McAuley’s The Quiet War? That’s my point with ego-flexing academics like Adam Roberts. They always go with obscure writings. It makes them look more smarty-pants than the lowly serfs tilling the fields (most of whom couldn’t even fathom what a pair of pants were; burlap sacks they’d know, of course). Trust me, Adam Roberts spends hours a week researching obscure quotes and references to out of print book titles for the sole purpose of milking his own Bovine somatotropin-injected udders and ceremonially serving it to the lactose intolerant masses like a sacred Hindu cow.
I quote this commenter’s vitriol at length not because it’s typical of aggreived fanboys whose mettle is daily tested by the slings and arrows of imaginary persecutors with outrageous fortunes (although it is), nor because I think such screeds against the expertise of experts is so atypical as to warrant an extra ration of sunlight (because it ain’t); no, I reprint them at such length because they are made at such length, and as such, are indicative not of a reasonable quibble with a particular institution so much as the complete devaluation of the Umgangssprache that fans of science fiction who happen to be academics could use to communicate with the community at large. I realize that Umgangssprache is a loaded term, but I don’t mean to say that academics speak the standard form while fans speak the dialect, merely that when the very fact of belonging to one group or the other precludes the development of a common tongue, that’s a situation in which the imaginative paucity of the bigoted party becomes meaningful.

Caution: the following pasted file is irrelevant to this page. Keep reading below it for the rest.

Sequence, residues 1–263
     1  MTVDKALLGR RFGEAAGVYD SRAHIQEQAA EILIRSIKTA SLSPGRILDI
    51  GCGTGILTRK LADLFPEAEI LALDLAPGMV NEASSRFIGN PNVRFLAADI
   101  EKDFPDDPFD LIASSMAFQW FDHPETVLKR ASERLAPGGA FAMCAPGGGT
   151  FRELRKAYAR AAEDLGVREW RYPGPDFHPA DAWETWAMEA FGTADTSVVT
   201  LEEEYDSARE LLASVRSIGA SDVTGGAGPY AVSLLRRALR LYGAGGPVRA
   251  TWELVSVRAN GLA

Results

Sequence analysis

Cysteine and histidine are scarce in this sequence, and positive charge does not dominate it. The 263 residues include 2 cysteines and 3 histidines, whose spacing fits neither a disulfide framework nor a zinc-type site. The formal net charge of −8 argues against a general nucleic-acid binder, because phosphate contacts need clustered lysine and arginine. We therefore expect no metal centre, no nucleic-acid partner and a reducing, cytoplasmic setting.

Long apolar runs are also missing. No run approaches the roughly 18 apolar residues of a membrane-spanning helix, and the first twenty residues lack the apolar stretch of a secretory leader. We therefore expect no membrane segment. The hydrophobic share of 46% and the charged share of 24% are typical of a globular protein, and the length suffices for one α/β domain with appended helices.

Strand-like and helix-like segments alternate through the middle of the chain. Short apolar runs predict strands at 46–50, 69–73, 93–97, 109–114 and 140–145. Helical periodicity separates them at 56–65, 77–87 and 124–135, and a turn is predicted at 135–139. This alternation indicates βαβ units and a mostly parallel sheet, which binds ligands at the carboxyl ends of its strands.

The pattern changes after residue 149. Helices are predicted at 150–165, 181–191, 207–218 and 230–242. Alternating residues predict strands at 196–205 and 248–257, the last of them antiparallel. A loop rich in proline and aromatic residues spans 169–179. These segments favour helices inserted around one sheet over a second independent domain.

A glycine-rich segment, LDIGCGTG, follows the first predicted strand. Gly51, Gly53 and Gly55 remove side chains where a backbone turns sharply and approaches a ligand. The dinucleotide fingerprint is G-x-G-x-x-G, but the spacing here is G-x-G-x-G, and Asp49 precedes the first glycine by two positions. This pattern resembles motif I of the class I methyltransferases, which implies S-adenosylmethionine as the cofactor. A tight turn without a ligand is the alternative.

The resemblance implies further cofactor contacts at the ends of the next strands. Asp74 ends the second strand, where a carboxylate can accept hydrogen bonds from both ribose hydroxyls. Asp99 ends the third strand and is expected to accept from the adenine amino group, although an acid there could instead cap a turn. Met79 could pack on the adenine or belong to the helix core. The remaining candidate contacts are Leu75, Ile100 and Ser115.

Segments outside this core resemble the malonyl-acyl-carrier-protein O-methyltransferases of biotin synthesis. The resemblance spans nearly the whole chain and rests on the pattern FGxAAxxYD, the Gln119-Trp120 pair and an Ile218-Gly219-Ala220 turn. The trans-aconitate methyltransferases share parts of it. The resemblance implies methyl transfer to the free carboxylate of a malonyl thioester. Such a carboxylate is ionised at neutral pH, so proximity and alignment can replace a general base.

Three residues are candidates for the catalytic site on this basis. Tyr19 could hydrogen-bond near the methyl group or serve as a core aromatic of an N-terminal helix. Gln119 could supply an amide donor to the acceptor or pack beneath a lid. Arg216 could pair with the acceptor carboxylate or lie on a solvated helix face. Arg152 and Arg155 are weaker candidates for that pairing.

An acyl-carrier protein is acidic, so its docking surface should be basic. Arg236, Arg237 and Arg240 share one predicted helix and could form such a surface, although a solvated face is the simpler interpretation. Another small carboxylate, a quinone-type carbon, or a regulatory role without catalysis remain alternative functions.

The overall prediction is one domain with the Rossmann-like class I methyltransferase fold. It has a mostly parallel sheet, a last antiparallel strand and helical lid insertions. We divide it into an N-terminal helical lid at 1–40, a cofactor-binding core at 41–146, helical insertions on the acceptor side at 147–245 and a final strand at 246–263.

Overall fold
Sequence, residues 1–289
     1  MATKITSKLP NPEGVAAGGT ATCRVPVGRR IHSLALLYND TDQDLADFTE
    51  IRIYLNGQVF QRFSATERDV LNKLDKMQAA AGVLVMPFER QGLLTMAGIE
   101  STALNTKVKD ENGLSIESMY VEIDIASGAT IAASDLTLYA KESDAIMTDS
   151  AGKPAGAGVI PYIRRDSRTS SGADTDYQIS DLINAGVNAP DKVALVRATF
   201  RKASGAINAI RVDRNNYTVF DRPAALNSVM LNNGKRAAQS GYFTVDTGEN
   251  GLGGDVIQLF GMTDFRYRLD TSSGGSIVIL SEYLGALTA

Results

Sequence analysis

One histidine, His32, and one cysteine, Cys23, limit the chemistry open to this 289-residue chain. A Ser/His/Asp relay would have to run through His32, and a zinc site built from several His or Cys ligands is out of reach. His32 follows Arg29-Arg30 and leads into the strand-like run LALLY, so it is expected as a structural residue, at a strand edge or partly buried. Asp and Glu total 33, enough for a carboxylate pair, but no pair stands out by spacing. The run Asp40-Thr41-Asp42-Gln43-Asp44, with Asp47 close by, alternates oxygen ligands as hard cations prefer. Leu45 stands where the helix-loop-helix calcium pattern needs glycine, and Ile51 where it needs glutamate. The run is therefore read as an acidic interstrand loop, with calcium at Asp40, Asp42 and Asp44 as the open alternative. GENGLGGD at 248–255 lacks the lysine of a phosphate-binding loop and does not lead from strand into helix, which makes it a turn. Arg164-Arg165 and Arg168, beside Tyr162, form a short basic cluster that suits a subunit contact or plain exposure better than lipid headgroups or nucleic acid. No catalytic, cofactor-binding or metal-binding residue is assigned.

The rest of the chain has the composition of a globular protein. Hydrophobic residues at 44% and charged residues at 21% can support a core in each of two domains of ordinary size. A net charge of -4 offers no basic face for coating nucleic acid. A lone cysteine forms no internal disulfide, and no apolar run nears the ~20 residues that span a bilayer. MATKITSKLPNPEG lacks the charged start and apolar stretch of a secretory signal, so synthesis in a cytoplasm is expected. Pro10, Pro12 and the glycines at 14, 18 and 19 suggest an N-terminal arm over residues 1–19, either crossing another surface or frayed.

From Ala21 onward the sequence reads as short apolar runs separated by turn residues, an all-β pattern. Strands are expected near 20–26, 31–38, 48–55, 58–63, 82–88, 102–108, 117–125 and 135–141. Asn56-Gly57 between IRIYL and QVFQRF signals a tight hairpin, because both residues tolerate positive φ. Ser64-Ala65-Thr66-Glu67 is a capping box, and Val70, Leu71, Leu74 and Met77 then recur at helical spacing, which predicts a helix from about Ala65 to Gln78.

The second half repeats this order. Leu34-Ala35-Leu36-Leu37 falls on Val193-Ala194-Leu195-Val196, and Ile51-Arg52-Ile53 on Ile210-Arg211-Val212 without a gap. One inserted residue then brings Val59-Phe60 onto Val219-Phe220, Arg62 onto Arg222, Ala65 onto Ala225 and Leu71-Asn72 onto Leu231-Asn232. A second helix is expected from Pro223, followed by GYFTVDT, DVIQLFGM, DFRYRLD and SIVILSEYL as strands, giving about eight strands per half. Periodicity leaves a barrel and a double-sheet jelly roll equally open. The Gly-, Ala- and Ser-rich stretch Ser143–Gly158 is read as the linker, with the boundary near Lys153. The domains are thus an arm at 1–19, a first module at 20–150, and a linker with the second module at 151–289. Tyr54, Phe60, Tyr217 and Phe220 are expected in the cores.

Because if, as I described above, science fiction is about exploring but failing to encompass that which can’t be known, people like this commenter aren’t ever really experiencing science fiction. They’re reading books they bought from the ghetto labeled as such, but they’re not reading them in the spirit in which, ideally, they were written; and if there are awards designed to reflect the tastes of such readers, they shouldn’t purport to be representing science fiction, because that’s a category error. They’re pablum that happens to take place in space, in the distant future, on a platform orbiting near a black hole and peopled by characters flattened into convention by authors who assume too much.
Not that any of the current nominees have produced such pablum, mind you. Nor should any of the other participants in this debate should see themselves reflected in my response to those comments, as there are some eminently reasonable, yet openly critical, responses to Adam’s initial post. But it’s the direction the genre’s headed if its most passionate fans angrily insist on rewarding works antithetical to genre’s motivating spirit.